Original languageEnglish (US)
Pages (from-to)4798-4807
Number of pages10
JournalClinical Cancer Research
Volume24
Issue number19
DOIs
StatePublished - Oct 1 2018
Externally publishedYes

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Hyaluronic Acid
Collagen
Neoplasms
Tumor Microenvironment
Blood Vessels
Pancreatic Neoplasms
Drug Resistance
Vascular Endothelial Growth Factor A
Smooth Muscle
Actins
Phenotype
Hyaluronoglucosaminidase
Microdialysis
Heterografts
Doxorubicin
Intercellular Signaling Peptides and Proteins
Research Design
Perfusion
Immunohistochemistry
Cytokines

ASJC Scopus subject areas

  • Oncology
  • Cancer Research

Cite this

Li, X., Michael Shepard, H., Cowell, J. A., Zhao, C., Osgood, R. J., Rosengren, S., ... Thompson, C. B. (2018). Parallel accumulation of tumor hyaluronan, collagen, and other drivers of tumor progression. Clinical Cancer Research, 24(19), 4798-4807. https://doi.org/10.1158/1078-0432.CCR-17-3284

Parallel accumulation of tumor hyaluronan, collagen, and other drivers of tumor progression. / Li, Xiaoming; Michael Shepard, H.; Cowell, Jessica A.; Zhao, Chunmei; Osgood, Ryan J.; Rosengren, Sanna; Blouw, Barbara; Garrovillo, Sheryl A.; Pagel, Mark "Marty"; Whatcott, Clifford J.; Han, Haiyong; Von Hoff, Daniel D.; Taverna, Darin M.; LaBarre, Michael J.; Maneval, Daniel C.; Thompson, Curtis B.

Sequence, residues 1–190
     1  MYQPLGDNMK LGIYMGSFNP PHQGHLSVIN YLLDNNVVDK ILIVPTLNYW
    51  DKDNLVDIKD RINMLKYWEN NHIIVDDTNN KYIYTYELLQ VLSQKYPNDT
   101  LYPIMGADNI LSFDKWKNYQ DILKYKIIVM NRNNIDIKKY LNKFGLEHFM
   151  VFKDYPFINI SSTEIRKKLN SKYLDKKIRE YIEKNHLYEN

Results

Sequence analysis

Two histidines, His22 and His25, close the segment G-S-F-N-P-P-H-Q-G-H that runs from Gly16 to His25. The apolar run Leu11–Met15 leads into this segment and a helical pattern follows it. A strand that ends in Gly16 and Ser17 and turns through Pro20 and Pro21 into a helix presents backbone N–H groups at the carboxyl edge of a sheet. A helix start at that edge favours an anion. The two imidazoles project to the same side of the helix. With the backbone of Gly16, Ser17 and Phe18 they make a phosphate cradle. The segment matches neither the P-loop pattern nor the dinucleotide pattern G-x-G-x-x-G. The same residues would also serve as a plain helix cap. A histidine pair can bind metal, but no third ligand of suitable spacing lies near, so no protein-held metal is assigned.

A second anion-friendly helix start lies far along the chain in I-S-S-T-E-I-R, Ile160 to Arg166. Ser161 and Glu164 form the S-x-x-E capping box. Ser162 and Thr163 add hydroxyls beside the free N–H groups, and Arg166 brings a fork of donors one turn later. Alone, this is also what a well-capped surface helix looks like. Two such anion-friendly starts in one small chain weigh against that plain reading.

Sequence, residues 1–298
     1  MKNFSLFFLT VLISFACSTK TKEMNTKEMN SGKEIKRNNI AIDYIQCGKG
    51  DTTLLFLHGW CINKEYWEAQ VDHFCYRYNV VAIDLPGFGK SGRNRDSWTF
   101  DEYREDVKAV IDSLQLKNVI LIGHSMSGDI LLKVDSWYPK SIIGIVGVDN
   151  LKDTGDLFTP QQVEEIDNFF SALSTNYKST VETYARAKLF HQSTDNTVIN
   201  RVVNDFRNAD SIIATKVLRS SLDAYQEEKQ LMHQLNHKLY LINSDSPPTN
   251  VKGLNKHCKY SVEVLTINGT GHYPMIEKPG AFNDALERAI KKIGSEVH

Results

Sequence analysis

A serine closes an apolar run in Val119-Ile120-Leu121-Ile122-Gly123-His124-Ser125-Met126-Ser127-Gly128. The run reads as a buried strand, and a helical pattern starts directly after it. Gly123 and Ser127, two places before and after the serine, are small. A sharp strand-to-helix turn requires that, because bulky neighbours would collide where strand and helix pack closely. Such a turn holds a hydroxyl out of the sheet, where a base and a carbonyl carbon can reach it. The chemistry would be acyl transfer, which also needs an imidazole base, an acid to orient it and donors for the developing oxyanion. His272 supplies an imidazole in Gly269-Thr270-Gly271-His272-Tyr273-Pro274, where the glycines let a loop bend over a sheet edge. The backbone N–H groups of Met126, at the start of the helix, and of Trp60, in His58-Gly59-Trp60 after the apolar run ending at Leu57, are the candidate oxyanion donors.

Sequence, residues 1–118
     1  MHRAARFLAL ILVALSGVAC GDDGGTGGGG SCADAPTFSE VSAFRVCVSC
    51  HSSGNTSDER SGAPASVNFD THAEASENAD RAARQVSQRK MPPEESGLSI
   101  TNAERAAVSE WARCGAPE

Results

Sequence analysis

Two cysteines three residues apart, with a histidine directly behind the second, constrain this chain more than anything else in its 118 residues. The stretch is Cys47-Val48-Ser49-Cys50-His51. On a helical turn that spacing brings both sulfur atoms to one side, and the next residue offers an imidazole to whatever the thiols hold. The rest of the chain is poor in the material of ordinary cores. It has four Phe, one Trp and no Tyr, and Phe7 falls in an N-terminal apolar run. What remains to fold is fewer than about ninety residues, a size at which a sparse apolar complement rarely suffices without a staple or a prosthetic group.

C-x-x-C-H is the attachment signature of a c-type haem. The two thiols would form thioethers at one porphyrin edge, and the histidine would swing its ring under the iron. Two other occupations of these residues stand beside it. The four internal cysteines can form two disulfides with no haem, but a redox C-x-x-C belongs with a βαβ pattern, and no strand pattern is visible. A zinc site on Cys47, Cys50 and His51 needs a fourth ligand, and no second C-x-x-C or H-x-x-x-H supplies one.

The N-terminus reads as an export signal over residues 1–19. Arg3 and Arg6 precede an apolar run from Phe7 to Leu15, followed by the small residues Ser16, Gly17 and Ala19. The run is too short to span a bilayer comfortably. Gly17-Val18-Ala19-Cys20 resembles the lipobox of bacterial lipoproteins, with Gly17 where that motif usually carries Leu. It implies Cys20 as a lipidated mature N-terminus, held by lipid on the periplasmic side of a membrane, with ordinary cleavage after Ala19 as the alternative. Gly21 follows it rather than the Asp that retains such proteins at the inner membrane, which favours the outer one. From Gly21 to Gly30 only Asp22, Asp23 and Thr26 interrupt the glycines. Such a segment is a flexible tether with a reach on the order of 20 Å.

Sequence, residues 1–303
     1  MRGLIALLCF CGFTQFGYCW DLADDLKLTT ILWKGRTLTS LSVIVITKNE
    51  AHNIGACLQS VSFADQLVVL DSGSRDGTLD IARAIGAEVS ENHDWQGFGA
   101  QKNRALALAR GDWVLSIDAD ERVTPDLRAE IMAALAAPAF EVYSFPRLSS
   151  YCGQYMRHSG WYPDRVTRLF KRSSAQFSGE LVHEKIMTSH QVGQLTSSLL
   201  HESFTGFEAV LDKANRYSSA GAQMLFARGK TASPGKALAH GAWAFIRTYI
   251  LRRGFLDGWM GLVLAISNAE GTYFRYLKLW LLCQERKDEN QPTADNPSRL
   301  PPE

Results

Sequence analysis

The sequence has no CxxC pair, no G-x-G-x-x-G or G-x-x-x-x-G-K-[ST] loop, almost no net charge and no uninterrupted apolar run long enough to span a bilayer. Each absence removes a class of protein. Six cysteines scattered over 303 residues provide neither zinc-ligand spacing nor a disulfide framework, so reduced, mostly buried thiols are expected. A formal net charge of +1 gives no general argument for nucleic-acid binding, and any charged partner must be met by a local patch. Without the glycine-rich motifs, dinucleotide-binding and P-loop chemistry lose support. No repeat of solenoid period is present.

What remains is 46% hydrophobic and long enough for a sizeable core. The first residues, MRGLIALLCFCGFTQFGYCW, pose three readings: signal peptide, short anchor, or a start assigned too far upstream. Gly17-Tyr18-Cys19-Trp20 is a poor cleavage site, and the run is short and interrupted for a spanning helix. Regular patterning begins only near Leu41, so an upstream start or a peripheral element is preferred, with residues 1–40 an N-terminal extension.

In: Clinical Cancer Research, Vol. 24, No. 19, 01.10.2018, p. 4798-4807.

Research output: Contribution to journalArticle

Li, X, Michael Shepard, H, Cowell, JA, Zhao, C, Osgood, RJ, Rosengren, S, Blouw, B, Garrovillo, SA, Pagel, MM, Whatcott, CJ, Han, H, Von Hoff, DD, Taverna, DM, LaBarre, MJ, Maneval, DC & Thompson, CB 2018, 'Parallel accumulation of tumor hyaluronan, collagen, and other drivers of tumor progression', Clinical Cancer Research, vol. 24, no. 19, pp. 4798-4807. https://doi.org/10.1158/1078-0432.CCR-17-3284
Li X, Michael Shepard H, Cowell JA, Zhao C, Osgood RJ, Rosengren S et al. Parallel accumulation of tumor hyaluronan, collagen, and other drivers of tumor progression. Clinical Cancer Research. 2018 Oct 1;24(19):4798-4807. https://doi.org/10.1158/1078-0432.CCR-17-3284